Different things cause stress for different people. Some might think that an upcoming math test is a big deal, while others won’t give it a second thought. The same is true at different ages and stages of our lives. What bothers us at age 3 won’t be the same as what gets us riled up at age 12, 20 or 50.
Being aware of what causes you stress is one step in learning how to handle it well. Use this worksheet, to write or draw things that caused you stress when you were younger, things that stress you out now and what you think might be stressful when you’re older.
Watch this “Stress Test” video and learn how one’s body responds in stressful situations.
There is so much pressure to “do and be your best” in school, at home, online, in after-school activities and your social life…just about everywhere. Yet many of the things people do to try to be their best actually work against them and cause stress. Stress, it turns out, is a HUGE BARRIER to almost everything.
We’ve all had times when our bodies react to stress. We can feel it. It’s the sensation known as fight or flight. Our bodies’ natural way of coping with being frightened or challenged is to release chemicals into our bloodstream that provide extra short-term energy and alertness. Our instincts take over and tell us that we are facing danger and we either need to defend ourselves (fight) or get away (flight).
The Screen-Stress Connection
Screen time gets a lot of attention, and let’s be honest: Time spent online and especially on our phones gets a pretty bad rap…especially from older folks. It’s blamed for everything from bad posture to social isolation.
As a teen today, you are the first generation to grow up with nearly constant access to electronic media and social interaction. While there’s no doubt there’s a connection between screen time and stress, there are also lots of positive ways that screens help us communicate, learn, play, and participate in the world around us. To help maximize the benefits and lessen the downsides of a screen-heavy lifestyle, try these tips:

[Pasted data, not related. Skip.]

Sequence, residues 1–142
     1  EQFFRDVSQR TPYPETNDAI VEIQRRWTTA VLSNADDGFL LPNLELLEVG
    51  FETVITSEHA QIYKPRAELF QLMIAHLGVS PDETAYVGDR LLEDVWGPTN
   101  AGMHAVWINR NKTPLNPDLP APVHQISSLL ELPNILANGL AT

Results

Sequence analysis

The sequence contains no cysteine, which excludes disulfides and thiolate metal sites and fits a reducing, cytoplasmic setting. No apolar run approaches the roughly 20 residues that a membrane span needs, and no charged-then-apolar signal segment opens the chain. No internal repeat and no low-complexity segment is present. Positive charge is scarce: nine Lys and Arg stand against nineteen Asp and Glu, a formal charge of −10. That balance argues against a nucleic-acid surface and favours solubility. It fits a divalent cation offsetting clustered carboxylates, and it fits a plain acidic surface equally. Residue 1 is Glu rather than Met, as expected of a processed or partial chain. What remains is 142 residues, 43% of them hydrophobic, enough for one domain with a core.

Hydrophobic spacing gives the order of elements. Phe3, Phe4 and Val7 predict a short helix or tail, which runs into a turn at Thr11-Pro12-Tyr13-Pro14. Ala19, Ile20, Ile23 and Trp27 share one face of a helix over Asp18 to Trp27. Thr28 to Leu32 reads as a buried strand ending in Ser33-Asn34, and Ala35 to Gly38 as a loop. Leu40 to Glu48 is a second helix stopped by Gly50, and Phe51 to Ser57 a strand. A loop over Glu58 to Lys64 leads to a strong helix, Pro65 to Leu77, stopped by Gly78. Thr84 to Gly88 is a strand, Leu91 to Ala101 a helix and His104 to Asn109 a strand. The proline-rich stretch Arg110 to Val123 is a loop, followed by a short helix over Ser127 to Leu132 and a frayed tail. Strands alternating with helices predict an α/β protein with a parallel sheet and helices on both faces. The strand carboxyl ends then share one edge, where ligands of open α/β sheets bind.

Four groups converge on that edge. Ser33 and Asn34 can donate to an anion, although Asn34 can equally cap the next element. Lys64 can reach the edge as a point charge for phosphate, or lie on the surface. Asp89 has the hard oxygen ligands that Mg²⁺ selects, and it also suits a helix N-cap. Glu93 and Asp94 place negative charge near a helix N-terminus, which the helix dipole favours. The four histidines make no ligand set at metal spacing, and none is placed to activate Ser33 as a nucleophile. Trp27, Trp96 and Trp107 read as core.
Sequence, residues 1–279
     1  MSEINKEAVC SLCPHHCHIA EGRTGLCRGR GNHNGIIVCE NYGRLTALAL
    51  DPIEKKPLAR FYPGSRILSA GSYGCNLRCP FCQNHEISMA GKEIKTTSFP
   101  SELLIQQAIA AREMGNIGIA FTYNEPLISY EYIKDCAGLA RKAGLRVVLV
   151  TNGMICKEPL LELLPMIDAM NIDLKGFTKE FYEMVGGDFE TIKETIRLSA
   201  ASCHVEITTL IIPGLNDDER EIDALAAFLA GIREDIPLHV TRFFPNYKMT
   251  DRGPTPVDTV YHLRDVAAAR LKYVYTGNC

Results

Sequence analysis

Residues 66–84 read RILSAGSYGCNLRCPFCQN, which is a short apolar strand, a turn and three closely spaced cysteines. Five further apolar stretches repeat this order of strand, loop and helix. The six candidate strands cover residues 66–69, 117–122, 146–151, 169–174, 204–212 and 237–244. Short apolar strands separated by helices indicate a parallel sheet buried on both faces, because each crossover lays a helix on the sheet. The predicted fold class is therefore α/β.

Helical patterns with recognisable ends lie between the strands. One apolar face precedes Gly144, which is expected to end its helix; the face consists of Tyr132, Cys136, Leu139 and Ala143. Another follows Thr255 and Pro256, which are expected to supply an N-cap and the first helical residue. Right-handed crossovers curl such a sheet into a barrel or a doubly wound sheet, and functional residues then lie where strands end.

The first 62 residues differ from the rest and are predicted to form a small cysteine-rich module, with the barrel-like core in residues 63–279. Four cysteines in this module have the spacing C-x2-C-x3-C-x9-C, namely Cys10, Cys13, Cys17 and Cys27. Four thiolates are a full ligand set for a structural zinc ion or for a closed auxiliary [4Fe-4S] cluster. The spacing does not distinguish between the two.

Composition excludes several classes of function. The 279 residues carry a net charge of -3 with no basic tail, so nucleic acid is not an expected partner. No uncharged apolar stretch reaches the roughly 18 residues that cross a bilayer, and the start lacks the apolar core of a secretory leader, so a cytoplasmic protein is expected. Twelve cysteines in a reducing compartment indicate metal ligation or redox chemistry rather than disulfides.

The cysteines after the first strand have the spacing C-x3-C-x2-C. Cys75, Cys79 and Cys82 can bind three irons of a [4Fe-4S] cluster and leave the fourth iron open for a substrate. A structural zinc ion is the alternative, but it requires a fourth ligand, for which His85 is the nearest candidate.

- Give yourself a break before bed— Forty three percent of today’s teens get less than seven hours of sleep. That’s not healthy. The National Sleep Foundation recommends not using screens right before bed or in bed, as it can interfere in a number of ways with your ability to fall asleep. We know a lot teens work on homework or read right up until bedtime, but challenge yourself to put your screens away as early as you can in the evening. Can you give yourself 15 minutes? 30? An hour? Try charging your devices in a room other than where you sleep to help avoid the temptation. Better yet, invest in an alarm clock to wake you up instead of your phone!
- Learn what triggers your stress and limit those behaviors—Research shows a correlation between the rise in smartphone use and the rise in depression among your generation. Try to start noticing the emotions and even physical sensations you have when you’re online or communicating through a device. Learn about the stress response and start trying to stay in tune to when you feel it coming on. What triggers you? Once you start to notice trends or patterns, make some positive adjustments, such as unfollowing certain people, only checking social media at certain times of the day, or deleting the accounts and apps that stress you most.
- Move around—Exercise is the best thing you can do for your brain in terms of mood, memory, and learning, according to Harvard Medical School psychiatrist John Ratey. Exercise can actually reverse the effects of stress and lift depression. Screen time tends to be sedentary, which means if you’re doing a lot of it you may not be getting a lot of physical activity. Try to find a balance; get up and get moving regularly throughout the day, and make a point to get outside if you can. You can even watch a show on your phone or listen to music as motivation!
- Spend face-to-face time with people you like—Humans are social creatures and no amount of texting or commenting on each other’s social media posts can make up for time spent in face-to-face interaction. Making a point to connect with your friends and family in real life, not just online, can go a long way toward helping you Change to Chill.
You are the expert on you! What do you do to keep your screen-time balanced and healthy?
All of these things do more to get in our way than they do to help us live our best lives. Plus, significant stress that goes on for a long time can lead to more serious mental and physical health problems. So it’s important to have some strategies ready for dealing with it and a few more for preventing it when you can.
That’s where Change to Chill comes in.